Then it struck me that when I read AV Club recaps of a show I’m watching, my favorite part is always the list of bullet-pointed “stray observations” at the end. (In fact, I usually huff with irritation as I read the main body of the post, because so often the reviews seem to be grumpy takes on how the episode could have been better if only it were an entirely different episode, and possibly a different show. But the “stray observations” tend to celebrate memorable moments, and that’s what I’m there for!)
All right, stray observations—that’s an attainable goal. 🙂
• There are a lot of really great independent bookstores in Portland, and I need to visit more of them.
• Had lunch with Kortney and Tonia, and I need way more time with them too!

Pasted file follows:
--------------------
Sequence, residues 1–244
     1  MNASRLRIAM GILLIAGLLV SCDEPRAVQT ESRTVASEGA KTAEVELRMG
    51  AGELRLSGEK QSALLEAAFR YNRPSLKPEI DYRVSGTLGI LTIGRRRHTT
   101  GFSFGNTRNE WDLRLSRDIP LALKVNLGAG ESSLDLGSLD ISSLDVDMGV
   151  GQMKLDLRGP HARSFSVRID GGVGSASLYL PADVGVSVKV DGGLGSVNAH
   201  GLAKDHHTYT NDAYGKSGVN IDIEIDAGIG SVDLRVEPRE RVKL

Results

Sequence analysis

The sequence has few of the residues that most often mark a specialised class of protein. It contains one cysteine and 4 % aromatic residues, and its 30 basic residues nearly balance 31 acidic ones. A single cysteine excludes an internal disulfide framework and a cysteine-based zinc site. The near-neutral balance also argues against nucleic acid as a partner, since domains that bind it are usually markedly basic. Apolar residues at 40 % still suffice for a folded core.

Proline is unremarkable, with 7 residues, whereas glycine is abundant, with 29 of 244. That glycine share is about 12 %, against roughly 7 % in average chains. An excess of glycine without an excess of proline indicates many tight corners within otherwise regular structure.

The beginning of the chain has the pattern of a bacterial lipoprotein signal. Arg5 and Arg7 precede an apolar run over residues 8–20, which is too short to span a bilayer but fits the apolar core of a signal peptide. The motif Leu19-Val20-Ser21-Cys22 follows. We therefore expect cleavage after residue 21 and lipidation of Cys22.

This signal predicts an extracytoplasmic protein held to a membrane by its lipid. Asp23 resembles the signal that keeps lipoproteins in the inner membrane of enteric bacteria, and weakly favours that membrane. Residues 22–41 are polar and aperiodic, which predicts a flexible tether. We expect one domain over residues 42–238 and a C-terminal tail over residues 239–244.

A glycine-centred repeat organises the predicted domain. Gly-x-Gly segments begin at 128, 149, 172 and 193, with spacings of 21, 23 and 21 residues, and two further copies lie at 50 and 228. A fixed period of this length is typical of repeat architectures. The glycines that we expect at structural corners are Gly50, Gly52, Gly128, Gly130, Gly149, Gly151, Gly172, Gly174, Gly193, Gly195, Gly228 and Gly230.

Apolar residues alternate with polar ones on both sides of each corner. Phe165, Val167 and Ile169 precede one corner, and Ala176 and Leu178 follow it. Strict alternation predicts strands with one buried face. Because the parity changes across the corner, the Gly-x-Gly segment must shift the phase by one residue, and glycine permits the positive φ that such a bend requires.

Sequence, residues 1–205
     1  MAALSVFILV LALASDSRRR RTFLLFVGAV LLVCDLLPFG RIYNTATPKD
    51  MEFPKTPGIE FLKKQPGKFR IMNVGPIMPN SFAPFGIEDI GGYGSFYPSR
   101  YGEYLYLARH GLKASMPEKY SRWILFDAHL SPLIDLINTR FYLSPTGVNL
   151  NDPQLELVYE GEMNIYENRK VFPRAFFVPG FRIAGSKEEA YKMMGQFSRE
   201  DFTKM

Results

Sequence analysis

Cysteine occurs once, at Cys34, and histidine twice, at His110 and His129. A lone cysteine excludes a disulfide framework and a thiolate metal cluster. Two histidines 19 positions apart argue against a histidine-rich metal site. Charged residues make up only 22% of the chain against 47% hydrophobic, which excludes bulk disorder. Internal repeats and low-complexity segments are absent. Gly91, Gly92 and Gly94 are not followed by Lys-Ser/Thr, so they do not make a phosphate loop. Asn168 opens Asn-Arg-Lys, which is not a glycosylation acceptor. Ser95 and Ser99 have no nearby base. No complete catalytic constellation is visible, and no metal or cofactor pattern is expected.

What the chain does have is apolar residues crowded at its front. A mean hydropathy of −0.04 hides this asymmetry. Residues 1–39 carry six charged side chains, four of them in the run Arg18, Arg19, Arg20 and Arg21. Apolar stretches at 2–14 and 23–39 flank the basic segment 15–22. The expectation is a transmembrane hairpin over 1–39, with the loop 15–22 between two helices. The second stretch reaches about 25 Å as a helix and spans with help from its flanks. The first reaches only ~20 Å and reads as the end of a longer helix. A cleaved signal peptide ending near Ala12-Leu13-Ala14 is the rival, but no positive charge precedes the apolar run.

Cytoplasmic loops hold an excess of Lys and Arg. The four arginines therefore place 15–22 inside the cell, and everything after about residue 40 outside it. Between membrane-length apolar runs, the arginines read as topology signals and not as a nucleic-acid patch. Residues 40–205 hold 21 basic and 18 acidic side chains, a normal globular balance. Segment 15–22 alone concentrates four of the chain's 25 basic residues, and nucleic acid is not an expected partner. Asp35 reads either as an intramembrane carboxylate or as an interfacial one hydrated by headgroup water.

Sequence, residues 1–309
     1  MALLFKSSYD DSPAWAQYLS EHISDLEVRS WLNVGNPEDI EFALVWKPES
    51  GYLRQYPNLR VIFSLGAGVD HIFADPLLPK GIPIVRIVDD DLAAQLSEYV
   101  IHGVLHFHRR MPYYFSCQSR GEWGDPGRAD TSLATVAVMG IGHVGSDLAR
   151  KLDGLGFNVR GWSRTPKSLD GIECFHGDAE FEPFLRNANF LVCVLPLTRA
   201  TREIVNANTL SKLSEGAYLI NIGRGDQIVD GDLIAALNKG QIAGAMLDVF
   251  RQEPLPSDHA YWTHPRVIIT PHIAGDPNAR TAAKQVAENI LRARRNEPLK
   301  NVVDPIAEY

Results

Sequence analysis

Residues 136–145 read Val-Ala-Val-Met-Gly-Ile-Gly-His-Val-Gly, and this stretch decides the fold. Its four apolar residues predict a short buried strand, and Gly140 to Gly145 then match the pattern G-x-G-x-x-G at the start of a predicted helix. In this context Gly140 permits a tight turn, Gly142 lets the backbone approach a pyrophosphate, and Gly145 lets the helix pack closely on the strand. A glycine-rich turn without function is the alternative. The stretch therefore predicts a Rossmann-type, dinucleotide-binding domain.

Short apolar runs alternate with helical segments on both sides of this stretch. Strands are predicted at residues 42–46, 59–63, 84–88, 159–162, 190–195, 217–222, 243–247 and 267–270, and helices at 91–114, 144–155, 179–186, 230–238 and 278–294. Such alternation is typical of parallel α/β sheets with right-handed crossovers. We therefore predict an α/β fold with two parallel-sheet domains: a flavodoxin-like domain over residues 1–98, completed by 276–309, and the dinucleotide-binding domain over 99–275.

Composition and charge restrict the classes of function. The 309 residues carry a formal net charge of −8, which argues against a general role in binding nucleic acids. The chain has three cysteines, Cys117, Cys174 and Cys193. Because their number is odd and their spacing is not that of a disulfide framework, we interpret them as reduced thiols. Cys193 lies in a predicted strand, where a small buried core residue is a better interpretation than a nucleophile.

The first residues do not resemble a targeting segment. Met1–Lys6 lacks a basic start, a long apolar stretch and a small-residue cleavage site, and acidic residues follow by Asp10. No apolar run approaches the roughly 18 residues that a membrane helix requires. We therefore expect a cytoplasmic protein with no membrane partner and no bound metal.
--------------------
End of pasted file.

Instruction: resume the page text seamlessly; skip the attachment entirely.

• Had a very interesting chat with Sue Campbell of Pages and Platforms about book launch strategies. She winced when I admitted that yes, I do have a mailing list, but I haven’t sent out a newsletter since 2015. Um. Yeah. Sounds like I need to bump Project Revive My Bookletter higher on the list.
• (Ugh, you guys, promoting your own work is the worst part of being a writer. I can happily, eagerly talk about other writers’ books until I’m blue in the face! But my own? OH THE PAIN.)
• (Having said that, I am pretty doggone excited to do the cover reveal for my new novel. December 2nd! It’s getting close! The cover is sooo great. I squealed pretty hard when I saw it. You’ll see.)